Map of Bath in 1787

Taking a break from property for a moment – one of our delightful owners found this whilst clearing her attic and, knowing I’d be interested in such a slice of Bath history, has allowed me to make and share a copy. Thanks to the technical genius of Ferne and the inimitable Dave Dixon at Minuteman Press, you should be able to see all the lovely little details which make this 1787 Bath map so special.

Additional history notes on 1787 – two links to Bath residents;

In the year this map was published, William Herschel (Bath resident and astronomer) discovered Titania and Oberon, the moons of Uranus. He did not give these moons their names; they were named by his son John in 1847 and 1852, respectively, after his death.

In May of 1787, Arthur Phillip set sail with 11 ships of convicts to Botany Bay in Australia. In 1805, aged 67, he retired from the Navy with the rank of Admiral of the Blue, and spent most of the rest of his life at Bath. He continued to correspond with friends in New South Wales and to promote the colony’s interests with government officials. He died in Bath in 1814 and was buried in St Nicholas’s Church, Bathampton. Forgotten for many years, the grave was discovered in 1897[and the Premier of New South Wales had it restored. An annual service of remembrance is held here around Phillip’s birthdate by the Britain – Australia Society to commemorate his life.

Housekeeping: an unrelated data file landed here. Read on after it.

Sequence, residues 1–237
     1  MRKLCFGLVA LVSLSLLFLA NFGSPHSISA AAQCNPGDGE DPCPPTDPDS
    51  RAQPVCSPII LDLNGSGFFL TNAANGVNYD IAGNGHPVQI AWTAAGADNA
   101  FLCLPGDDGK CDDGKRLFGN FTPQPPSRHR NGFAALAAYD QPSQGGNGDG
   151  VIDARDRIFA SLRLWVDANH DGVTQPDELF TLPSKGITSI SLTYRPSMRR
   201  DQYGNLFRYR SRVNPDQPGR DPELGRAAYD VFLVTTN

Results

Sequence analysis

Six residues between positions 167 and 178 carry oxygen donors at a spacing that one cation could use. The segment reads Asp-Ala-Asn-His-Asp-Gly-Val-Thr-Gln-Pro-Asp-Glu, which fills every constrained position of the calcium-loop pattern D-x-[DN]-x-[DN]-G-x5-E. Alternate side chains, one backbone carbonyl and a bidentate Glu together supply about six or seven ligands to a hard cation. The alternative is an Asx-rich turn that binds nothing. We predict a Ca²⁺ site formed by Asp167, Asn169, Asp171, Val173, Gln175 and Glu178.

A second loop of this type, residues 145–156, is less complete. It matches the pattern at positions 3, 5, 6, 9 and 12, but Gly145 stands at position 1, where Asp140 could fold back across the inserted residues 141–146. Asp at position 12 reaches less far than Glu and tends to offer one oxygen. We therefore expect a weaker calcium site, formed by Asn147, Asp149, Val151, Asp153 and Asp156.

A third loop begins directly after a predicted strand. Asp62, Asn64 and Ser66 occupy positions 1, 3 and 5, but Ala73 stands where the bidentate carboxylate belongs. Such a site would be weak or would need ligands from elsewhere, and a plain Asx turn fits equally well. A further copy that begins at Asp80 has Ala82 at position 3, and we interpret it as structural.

PDF link below if you’d like to download a copy;

Bath 1787 Map